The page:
Wordsmith.Org: The Magic of Words


A.Word.A.Day

About Us | What's New | Search | Site Map | Contact Us  


Home

Today's Word

Yesterday's Word

Archives

FAQ


AWADmail Issue 373

August 23, 2009

A Weekly Compendium of Feedback on the Words in A.Word.A.Day and Tidbits about Words and Language


From: Anu Garg (words at wordsmith.org)
Subject: Interesting stories from the net

'Wee-Weed'? Let's Just Wash Our Hands of It
The Washington Post

The Words You Love to Hate
CNN


From: Richard Schmitz (davey59w msn.com)
Subject: diastrophism
Def: The process of deformation of the earth's crust that produces continents, mountains, ocean basins, etc.

By coincidence I read an article just this morning about another lake in the eastern Congo that has many times the content of methane and carbon dioxide as the lake in Cameroon. If (when) diastrophism beneath the lake causes the gas to be released to the surface, many thousands will die. It's just one more thing to worry about, in addition to the devastation which will result from predicted diastrophism causing a 9.2 earthquake in the Olympic peninsula -- sometime in the next few (hundred) years.


From: Claire Todd (matty39 earthlink.net)
Subject: Micropsia
Def: A defect of vision in which objects appear smaller than normal.

Just curious whether I'm understanding these words correctly - isn't the writer using the wrong word in his example? If he felt everything around him was LARGER than it really was, shouldn't he have used the word macropsia?

"Seated on the chill concrete, I felt a recurrence of my childhood micropsia, a night terror I thought I'd left behind at age eleven or twelve, in my bedroom on Dean Street: the sensation that my body was reduced to speck size."
Jonathan Lethem; The Fortress of Solitude; Doubleday; 2003.

(BTW, I look forward to the new word every morning!)

Several alert readers noted this. To give the writer the benefit of doubt, we assume he was looking at his own body when he said he experienced micropsia.
-Anu Garg


From: Denise Quarles (mumusok hotmail.com)
Subject: simpatico
Def: 1. Like-minded; compatible. 2. Congenial; likable.

Here in Italy simpatico/a is also commonly used as a euphemism for someone who is unattractive. "So, what's her new boyfriend like?" "Well, he's very... simpatico."


From: Ned Harris (ebhlch sbcglobal.net)
Subject: finger exercise

I'm disappointed -- I expected all of this week's words to require the use of all the qwerty keys. :-(


From: Gary Wayne Loew (garyl champion-workflow.com)
Subject: This week's theme

I believe that this week's theme is insufficiently specified for two reasons: Humans are generally regarded as having ten fingers. Thus, this week's words would need to contain at least two blanks in order to exercise our opposable digits. There is a presumption that the typist is employing the touch-typing method. Those limited to "hunt and peck" typing will only exercise their index fingers.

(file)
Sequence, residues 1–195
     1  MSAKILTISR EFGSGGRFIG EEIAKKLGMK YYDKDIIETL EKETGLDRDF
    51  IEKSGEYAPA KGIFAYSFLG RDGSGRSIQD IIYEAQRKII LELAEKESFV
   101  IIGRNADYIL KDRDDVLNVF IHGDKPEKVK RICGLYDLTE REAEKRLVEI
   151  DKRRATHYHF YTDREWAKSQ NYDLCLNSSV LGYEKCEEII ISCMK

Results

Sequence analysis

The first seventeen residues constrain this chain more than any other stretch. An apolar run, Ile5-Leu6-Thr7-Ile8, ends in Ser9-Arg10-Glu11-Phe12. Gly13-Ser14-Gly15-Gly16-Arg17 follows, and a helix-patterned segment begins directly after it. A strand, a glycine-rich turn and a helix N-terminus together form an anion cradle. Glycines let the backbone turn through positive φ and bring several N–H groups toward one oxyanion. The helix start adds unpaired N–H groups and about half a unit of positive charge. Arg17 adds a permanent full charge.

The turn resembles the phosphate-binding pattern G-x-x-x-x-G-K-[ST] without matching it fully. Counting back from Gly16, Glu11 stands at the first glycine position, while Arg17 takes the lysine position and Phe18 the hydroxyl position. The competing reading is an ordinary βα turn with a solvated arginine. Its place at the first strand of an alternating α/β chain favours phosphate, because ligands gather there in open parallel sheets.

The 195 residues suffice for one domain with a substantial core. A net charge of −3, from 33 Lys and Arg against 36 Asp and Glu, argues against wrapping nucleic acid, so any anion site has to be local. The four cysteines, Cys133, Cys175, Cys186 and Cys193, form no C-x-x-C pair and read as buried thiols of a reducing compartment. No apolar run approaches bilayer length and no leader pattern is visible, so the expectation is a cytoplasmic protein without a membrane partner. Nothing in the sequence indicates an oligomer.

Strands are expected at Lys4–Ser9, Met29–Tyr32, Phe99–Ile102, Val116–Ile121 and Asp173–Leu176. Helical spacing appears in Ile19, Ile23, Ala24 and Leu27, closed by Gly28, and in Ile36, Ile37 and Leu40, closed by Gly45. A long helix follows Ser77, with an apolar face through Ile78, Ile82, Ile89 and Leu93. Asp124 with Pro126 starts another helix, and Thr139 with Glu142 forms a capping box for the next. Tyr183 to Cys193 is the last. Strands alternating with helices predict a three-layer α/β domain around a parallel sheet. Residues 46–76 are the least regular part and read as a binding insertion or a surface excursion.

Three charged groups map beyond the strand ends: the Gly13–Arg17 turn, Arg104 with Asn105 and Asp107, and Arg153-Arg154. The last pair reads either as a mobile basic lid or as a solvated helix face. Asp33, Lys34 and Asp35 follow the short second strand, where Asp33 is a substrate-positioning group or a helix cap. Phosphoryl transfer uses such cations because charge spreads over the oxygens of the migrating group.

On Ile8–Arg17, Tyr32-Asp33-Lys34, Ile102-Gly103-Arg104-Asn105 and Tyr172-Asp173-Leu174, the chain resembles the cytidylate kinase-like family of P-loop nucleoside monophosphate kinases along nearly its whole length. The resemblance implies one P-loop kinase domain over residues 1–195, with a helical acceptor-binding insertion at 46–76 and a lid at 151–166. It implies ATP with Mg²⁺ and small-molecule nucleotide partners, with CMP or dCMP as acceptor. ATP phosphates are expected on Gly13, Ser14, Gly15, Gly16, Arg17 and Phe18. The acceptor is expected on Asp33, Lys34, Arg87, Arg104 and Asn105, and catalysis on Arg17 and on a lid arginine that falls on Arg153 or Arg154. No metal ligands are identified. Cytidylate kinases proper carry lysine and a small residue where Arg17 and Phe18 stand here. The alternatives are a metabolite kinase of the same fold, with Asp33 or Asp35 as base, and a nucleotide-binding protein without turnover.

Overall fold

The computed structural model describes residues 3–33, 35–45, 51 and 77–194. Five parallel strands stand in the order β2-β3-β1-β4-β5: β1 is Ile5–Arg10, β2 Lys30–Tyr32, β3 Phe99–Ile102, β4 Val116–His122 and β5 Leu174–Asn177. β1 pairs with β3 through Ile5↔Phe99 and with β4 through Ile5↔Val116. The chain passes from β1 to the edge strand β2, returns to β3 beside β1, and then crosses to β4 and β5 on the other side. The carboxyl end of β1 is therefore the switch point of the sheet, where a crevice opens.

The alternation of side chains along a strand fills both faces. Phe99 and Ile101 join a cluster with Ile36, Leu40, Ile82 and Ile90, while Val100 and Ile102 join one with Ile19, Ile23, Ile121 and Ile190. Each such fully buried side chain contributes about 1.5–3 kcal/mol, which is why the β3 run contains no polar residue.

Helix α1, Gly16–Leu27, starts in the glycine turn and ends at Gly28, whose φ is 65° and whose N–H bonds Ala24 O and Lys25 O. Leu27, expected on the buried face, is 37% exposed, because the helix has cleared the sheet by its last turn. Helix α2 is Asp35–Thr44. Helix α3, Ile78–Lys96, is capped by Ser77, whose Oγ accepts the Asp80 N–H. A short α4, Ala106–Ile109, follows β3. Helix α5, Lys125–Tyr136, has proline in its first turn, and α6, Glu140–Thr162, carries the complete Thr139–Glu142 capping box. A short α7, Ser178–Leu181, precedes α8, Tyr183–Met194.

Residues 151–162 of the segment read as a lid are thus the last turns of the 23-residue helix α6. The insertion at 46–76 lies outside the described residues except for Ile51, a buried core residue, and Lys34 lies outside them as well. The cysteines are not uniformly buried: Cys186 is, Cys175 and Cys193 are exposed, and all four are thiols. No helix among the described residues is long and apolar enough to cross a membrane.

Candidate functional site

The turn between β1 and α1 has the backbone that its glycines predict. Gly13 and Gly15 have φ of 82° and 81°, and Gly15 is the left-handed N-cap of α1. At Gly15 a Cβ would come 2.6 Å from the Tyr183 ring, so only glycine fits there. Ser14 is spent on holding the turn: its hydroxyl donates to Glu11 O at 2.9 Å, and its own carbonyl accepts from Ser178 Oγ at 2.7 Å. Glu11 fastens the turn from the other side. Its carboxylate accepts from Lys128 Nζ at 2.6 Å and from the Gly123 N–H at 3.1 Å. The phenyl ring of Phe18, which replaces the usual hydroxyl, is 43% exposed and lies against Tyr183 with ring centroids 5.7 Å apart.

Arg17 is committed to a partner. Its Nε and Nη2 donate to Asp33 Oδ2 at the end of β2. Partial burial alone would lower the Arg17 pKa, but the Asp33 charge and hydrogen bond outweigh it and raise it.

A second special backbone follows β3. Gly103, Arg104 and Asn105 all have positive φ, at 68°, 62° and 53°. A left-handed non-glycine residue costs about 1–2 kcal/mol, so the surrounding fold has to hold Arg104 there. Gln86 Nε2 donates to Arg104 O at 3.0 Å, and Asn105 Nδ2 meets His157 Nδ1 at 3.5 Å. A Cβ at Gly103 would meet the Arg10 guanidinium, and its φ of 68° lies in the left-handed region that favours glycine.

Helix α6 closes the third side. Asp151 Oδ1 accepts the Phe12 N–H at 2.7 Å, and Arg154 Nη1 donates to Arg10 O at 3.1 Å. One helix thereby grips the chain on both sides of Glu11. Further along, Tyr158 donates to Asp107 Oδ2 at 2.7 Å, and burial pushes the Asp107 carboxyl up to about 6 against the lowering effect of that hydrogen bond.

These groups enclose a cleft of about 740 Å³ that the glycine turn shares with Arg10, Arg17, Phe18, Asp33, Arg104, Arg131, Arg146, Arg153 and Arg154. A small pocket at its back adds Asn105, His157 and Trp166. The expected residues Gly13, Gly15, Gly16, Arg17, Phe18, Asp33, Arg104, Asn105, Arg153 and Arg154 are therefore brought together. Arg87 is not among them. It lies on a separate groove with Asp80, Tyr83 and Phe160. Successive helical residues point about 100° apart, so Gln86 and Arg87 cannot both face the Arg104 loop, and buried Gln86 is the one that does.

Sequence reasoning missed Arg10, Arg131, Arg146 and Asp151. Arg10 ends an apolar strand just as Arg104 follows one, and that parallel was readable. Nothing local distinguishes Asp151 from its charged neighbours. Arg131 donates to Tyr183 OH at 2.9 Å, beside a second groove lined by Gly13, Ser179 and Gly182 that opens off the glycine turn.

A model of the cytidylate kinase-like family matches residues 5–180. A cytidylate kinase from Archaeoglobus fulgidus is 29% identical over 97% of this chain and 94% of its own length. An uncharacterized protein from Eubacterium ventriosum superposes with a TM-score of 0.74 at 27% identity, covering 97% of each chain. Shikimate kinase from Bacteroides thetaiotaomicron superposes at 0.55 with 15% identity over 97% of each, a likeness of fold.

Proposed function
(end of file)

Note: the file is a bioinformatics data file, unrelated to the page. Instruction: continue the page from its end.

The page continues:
From: Claudine Lespagnol (clolesp club-internet.fr)
Subject: this week's fingercises

Tell me, is the exercise as efficient and appropriate on an AZERTY keyboard? No danger for us AZERTY users to practice for a whole week?


From: Dan Bent (danbent fairmediation.com)
Subject: Re: A.Word.A.Day--diastrophism

I'm not sure that your premise is correct that in ancient times there were no gymnasiums, etc. As I recall from having read this years ago, Roman Stoic philosopher Seneca in his essay "On Noise" describes living above a gymnasium with the weights clanking and making noise.


From Iris Marshall (irismarshall comcast.net)
Subject: Thanks

I just want to let you know how much I have enjoyed getting a word a day. Just as much I've enjoyed how you have organized the week's words around a theme. How clever (as many weeks are) is this week's organization around "finger exercise". It's always fun to see the constructs around which people organize information. Thank you.


From: Steve Hayes (swh ghnlawyers.com)
Subject: words in legal briefs

Keep up the great work. I look forward to my Wordsmith word every weekday. My colleagues and I try to use it in a sentence of our own. Special prize if we can use it successfully in a legal brief. Gave a gift subscription to one of our court of appeals judges so he can look for my special word in the brief. Great fun.


A THOUGHT FOR TODAY:
By words the mind is winged. -Aristophanes, dramatist (c. 448-385 BCE)

This week's theme
Words that exercise all your fingers

This week's words
diastrophism
micropsia
supplicatory
adiaphorism
simpatico

Next week's theme
Illustrated words

AWADmail archives
Index

Subscriber Services
Awards | Stats | Links | Privacy Policy
Contribute | Advertise

© 2014 Wordsmith